3. Moving farther away from species. In so many ways, focusing on ‘species’ as the unit of measurement is limiting, because ‘species’ is a discrete term and ecology is interested in quantitative measures. Important advances have been made by redefining ecology as the outcome of species traits and species interactions (5). But I think our ability to connect these ideas more closely to species’ multidimensional niches can still improve. In particular, understanding that traits and interactions can change in context-dependent ways (plasticity, ontogeny, environment) will be important (6, 7).

4. Reproducibility of ecological research. This is more of a philosophical question - how do we achieve reproducibility in a science where context-dependence, alternative stable states, chaos and stochasticity all affect results? How do we differentiate between reproducibility (same results under identical conditions) and generality (same results under similar conditions) in results?

1) Sauer, Uwe; Heinemann, Matthias; Zamboni, Nicola. Genetics: Getting Closer to the Whole Picture. Science 316 (5824): 550–551. doi:10.1126/science.1142502. PMID 17463274.

2) Dominique Gravel, Frédéric Guichard, Michel Loreau and Nicolas Mouquet. Source and sink dynamics in meta-ecosystems. Ecology 91(7): 2172-2184.

3) Chesson, Peter. Scale transition theory with special reference to species coexistence in a variable environment. Journal of biological dynamics 3.2-3 (2009): 149-163.

4) Melbourne, Brett A., and Peter Chesson. The scale transition: scaling up population dynamics with field data. Ecology 87.6 (2006): 1478-1488.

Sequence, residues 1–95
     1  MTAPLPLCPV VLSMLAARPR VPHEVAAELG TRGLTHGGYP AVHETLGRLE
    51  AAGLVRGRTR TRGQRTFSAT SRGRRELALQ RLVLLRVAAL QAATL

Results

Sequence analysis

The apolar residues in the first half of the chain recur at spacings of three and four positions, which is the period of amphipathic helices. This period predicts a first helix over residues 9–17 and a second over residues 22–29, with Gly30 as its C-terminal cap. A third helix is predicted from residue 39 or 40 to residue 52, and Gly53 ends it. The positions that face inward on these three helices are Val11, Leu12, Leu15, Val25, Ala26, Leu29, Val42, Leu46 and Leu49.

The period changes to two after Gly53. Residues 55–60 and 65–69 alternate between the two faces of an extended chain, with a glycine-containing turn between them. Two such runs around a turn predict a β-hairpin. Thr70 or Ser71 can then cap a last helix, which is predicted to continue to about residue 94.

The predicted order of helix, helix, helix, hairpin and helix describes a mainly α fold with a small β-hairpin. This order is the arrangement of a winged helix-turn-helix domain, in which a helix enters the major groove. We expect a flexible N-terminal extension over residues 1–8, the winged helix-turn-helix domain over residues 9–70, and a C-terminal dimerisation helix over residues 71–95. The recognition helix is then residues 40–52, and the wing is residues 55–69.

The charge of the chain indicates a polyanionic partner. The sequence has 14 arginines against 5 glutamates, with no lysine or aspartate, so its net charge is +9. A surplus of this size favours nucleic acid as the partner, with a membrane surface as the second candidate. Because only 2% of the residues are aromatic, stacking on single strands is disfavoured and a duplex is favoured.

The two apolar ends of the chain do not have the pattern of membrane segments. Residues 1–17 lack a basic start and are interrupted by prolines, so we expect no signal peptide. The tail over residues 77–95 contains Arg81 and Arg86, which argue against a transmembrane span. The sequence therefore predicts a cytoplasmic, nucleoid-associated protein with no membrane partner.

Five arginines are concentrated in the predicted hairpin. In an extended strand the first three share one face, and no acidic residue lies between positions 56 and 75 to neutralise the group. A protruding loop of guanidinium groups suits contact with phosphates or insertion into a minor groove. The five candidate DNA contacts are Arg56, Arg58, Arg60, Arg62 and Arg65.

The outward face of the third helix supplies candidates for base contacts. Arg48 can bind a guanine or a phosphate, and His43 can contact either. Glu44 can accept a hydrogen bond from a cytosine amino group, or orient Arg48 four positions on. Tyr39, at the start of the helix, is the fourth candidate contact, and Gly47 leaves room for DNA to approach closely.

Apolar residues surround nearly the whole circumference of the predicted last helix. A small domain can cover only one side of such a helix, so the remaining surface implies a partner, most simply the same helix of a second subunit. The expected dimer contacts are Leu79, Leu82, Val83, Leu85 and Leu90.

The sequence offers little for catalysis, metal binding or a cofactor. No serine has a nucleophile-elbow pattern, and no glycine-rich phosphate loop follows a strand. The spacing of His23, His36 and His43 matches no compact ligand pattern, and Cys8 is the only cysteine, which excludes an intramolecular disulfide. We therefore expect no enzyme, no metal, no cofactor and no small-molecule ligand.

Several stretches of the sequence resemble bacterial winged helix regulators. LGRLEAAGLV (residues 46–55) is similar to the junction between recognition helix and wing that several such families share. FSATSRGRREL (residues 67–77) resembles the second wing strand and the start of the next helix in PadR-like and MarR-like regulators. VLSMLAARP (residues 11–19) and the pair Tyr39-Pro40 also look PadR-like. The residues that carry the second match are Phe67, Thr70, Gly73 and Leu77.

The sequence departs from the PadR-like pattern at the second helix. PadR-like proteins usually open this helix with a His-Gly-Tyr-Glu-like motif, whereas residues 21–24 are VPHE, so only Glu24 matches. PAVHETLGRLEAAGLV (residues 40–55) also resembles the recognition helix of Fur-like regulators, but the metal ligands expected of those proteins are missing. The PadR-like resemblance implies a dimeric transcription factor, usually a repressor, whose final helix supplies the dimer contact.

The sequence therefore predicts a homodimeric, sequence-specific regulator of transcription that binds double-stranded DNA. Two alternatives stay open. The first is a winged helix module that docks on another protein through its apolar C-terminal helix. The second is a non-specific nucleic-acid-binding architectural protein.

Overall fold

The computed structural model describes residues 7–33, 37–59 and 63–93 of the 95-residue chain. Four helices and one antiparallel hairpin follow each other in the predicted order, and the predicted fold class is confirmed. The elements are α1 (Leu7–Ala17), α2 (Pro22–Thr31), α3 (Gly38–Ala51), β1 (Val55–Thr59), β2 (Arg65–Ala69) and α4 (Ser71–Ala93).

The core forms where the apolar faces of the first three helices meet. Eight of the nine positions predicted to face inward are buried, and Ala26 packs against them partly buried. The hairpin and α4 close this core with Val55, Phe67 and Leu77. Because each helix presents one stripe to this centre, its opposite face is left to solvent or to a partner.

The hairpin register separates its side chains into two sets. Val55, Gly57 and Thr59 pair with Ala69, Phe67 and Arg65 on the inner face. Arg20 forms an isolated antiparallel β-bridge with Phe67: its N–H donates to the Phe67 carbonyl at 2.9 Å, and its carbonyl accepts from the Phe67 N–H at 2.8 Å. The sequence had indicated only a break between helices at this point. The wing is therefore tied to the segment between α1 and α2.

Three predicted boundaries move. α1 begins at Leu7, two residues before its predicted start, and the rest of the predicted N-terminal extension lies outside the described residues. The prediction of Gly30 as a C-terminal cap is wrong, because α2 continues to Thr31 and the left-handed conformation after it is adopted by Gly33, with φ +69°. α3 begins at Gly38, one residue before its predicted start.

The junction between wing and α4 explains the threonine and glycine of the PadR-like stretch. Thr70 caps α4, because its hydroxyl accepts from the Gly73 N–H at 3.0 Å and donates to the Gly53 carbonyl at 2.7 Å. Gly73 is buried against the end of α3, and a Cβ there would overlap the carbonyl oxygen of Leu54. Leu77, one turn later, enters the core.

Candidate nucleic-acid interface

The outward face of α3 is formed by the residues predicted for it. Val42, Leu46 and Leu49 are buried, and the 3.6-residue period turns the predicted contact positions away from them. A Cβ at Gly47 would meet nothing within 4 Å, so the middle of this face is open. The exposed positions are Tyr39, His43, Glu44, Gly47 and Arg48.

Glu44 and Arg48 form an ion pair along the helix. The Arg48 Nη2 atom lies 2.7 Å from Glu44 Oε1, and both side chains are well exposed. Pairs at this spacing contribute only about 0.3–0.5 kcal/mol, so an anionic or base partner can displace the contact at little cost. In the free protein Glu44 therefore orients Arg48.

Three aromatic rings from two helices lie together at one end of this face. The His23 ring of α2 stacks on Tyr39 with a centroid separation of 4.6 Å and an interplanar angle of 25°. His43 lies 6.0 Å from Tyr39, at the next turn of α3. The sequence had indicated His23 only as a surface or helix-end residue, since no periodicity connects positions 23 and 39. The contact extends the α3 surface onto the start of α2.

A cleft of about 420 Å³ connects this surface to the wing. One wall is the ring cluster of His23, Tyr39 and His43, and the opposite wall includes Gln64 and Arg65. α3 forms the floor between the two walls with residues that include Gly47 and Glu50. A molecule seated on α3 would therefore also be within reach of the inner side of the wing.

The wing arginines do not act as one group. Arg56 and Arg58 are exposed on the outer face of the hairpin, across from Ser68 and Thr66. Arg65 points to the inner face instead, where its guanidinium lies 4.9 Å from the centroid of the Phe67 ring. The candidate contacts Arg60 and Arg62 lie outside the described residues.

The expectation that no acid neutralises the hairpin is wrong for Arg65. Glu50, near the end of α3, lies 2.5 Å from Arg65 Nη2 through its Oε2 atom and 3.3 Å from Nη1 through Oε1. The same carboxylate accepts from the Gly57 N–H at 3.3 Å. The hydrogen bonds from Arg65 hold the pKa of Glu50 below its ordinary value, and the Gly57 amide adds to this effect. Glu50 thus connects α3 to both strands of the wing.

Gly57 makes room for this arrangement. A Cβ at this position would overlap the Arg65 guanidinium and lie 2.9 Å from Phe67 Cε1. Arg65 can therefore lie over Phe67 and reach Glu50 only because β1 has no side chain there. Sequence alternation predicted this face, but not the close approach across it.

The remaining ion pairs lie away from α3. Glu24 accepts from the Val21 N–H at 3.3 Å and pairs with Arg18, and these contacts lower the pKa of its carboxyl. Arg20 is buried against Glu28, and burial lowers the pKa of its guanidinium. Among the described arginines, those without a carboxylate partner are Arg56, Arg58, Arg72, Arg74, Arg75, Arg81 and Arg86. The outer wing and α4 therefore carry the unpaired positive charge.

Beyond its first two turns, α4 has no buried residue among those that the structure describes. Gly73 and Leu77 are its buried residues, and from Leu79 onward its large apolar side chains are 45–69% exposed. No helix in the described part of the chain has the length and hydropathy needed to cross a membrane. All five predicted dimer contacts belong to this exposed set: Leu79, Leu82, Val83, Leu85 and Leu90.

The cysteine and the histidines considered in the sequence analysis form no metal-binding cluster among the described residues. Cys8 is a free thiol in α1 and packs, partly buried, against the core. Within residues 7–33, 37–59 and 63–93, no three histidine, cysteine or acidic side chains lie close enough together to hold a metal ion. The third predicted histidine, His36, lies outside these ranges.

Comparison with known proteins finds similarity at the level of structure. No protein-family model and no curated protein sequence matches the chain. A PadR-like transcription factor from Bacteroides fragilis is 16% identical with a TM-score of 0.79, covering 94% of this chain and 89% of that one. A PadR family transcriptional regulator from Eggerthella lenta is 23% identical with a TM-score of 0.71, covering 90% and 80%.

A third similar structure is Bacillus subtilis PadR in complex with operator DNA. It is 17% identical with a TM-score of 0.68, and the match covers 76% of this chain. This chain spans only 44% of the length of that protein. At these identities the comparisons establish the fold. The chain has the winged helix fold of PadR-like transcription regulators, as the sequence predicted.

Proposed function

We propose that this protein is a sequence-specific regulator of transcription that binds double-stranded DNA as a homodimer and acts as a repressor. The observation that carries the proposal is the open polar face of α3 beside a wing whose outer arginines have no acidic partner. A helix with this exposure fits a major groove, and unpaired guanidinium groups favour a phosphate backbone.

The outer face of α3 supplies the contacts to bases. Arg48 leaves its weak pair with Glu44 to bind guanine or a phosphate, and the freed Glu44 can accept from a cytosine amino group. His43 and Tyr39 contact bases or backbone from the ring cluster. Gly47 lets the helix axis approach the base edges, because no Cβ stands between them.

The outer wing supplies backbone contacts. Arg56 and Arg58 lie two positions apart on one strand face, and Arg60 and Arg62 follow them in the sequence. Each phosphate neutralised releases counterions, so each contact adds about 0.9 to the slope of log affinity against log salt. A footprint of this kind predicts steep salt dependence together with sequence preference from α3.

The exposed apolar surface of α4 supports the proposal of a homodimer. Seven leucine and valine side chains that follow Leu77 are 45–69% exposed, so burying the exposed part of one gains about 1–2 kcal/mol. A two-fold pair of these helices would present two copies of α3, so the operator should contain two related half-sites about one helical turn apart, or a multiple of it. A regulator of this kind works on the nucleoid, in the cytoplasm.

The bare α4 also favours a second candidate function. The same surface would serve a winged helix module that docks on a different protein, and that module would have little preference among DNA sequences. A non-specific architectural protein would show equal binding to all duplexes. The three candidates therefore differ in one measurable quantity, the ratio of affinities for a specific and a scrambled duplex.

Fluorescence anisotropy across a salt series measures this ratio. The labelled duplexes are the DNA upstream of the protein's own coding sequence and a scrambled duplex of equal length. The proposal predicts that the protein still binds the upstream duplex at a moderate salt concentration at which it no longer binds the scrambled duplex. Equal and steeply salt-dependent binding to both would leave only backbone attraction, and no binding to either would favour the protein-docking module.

5) McGill, Brian J., et al. Rebuilding community ecology from functional traits. Trends in ecology & evolution 21.4 (2006): 178-185.

6) Poisot, T., Canard, E., Mouillot, D., Mouquet, N., Gravel, D. & Jordan, F. (2012) The dissimilarity of species interaction networks. Ecology letters, 15, 1353–61.

7) Siefert, A., Violle, C., Chalmandrier, L., Albert, C.H., Taudiere, A., Fajardo, A., Aarssen, L.W., Baraloto, C., Carlucci, M.B., Cianciaruso, M.V. and L Dantas, V. A global meta‐analysis of the relative extent of intraspecific trait variation in plant communities. Ecology letters 18.12 (2015): 1406-1419.

Wednesday, April 17, 2013

Progress on the problem of pattern, process and scale

Jérôme Chave. 2013. The problem of pattern and scale in ecology: what have we learned in 20 years? Ecology Letters. DOI: 10.1111/ele.12048.

Why do patterns get so much attention from ecologists? MacArthur (1972) suggested it was because patterns imply repetition, and repetition implies predictability. And prediction is the Holy Grail of ecology. Of course, patterns are meaningless without consideration of spatial or temporal scale. As Levin put it in his MacArthur lecture (1992) "the description of pattern is the description of variation, and the quantification of variation requires the determination of scales". Observing, modelling, and predicting ecological patterns at differing spatial scales has dominated much of ecological thought since Levin’s paper – today, entire subfields heavily focus on patterns through space or time (species-area relationships, macroecology, biogeography, etc).